Spire Murrayfield celebrates 30 years of Private Healthcare on the Wirral
September 15th will be a very auspicious date this year. Now, many readers will know this is already Battle of Britain Day, an opportunity to pay our respects to ‘The Few’ made so famous by Winston Churchill’s oratory. However, the date commemorates another important landmark – the 30th Anniversary of Spire Murrayfield Hospital. To mark the occasion, Rob Jackson looks back on three decades of private healthcare in the area.
Today, Spire Murrayfield may seem an integral part of the local landscape. Yet it was not always like this. Indeed, for most of the 20th century the Wirral had no private hospital of its own at all. While comparable parts of the country were enjoying private healthcare on their doorstep, Wirral patients and their visitors had to cross the Mersey to Liverpool’s Lourdes, or else travel to the Nuffield in Chester.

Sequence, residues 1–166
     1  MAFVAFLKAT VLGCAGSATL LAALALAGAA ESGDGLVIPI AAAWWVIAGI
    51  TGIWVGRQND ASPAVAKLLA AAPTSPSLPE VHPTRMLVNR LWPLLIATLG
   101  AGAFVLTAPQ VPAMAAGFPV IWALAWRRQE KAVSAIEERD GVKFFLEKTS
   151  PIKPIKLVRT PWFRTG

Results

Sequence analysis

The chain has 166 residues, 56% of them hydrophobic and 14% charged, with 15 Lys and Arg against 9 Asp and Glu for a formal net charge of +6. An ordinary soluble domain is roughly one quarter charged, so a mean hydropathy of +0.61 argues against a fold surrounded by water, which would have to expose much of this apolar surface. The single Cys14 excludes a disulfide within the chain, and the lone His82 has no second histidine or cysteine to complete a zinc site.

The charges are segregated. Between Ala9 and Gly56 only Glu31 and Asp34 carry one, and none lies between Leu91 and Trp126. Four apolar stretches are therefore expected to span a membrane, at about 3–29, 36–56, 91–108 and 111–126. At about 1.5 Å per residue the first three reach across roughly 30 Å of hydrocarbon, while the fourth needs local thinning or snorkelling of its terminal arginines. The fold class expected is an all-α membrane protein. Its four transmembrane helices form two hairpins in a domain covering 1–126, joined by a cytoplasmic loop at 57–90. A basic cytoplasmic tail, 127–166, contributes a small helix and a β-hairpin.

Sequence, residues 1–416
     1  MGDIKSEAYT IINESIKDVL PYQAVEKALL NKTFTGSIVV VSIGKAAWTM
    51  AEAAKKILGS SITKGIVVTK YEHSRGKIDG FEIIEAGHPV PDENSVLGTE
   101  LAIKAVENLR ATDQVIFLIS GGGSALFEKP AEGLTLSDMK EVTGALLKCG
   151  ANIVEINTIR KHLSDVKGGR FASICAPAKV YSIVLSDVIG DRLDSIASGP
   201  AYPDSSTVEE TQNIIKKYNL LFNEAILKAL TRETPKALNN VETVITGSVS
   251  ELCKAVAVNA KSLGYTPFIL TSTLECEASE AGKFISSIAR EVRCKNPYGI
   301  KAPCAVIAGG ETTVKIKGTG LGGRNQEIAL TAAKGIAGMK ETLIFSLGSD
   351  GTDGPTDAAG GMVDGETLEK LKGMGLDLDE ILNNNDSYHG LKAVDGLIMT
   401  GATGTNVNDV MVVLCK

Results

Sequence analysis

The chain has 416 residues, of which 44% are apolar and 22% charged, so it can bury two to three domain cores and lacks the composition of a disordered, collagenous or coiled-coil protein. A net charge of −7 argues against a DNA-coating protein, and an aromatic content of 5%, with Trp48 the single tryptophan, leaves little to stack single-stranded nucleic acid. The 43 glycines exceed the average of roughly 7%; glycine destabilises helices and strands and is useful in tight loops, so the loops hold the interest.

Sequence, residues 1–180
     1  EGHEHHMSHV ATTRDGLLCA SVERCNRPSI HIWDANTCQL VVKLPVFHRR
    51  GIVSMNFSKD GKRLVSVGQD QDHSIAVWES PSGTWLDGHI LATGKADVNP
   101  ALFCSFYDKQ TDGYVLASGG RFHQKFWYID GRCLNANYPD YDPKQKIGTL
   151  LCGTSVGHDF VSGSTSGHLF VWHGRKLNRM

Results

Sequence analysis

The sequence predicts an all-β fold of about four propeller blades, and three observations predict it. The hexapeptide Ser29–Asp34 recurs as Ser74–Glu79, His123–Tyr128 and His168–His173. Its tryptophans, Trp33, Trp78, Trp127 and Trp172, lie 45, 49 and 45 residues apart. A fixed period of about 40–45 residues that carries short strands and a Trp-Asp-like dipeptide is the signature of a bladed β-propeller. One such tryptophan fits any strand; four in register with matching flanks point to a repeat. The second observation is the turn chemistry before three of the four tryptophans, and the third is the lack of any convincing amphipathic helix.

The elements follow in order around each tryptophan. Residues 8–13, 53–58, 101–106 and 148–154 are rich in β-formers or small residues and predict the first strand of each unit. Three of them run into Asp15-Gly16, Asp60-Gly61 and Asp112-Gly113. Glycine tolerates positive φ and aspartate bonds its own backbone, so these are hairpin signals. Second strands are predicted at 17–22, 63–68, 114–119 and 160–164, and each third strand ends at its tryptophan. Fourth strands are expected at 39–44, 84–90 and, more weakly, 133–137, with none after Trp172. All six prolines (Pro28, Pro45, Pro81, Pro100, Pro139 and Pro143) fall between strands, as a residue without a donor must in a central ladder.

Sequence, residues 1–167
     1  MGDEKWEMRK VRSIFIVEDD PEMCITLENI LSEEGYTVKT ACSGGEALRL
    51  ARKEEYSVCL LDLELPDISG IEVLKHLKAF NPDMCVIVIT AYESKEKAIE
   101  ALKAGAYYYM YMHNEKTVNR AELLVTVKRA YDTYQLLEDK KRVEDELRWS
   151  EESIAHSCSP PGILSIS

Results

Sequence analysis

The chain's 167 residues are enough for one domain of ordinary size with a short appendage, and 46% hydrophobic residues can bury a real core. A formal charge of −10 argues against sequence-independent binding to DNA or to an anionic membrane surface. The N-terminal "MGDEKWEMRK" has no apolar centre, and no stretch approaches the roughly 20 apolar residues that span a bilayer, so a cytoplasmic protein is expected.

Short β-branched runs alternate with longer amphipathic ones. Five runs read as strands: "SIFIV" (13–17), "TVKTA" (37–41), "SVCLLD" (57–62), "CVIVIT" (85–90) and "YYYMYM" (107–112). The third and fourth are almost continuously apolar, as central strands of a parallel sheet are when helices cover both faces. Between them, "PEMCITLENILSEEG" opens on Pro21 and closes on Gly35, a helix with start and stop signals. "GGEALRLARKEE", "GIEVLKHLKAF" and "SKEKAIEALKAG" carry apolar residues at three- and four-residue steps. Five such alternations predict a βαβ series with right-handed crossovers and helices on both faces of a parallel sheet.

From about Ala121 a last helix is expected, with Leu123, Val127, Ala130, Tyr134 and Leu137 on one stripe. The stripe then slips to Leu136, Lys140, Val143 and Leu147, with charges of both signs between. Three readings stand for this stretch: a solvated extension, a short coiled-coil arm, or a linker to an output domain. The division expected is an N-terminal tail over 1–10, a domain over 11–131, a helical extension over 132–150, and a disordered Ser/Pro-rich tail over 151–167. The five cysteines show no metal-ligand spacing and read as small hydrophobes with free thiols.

Consultants, too, were required to drive miles around the region on their rounds, often starting their day alongside the farmyard cockerel and finishing well after the last cow had come home. Clearly, an unsatisfactory situation all-round. In the late 1960’s, Mr. Ken Edwardson, Consultant Surgeon at Clatterbridge Hospital, could see just how inadequate the existing arrangements were.
For example, at Clatterbridge you could opt for private treatment but had to be accommodated in a side room attached to the main ward. Although offering excellent healthcare, like many contemporary NHS hospitals Clatterbridge was an institution with its origins in the Dickensian workhouse era. Some wards were even housed in converted military huts. Facilities at Lourdes were also far from ideal. At that time, there was only one operating theatre. This meant that if there were any problems, operations needed to be rescheduled, often involving a 2 or 3 hour delay. Not good news for anybody.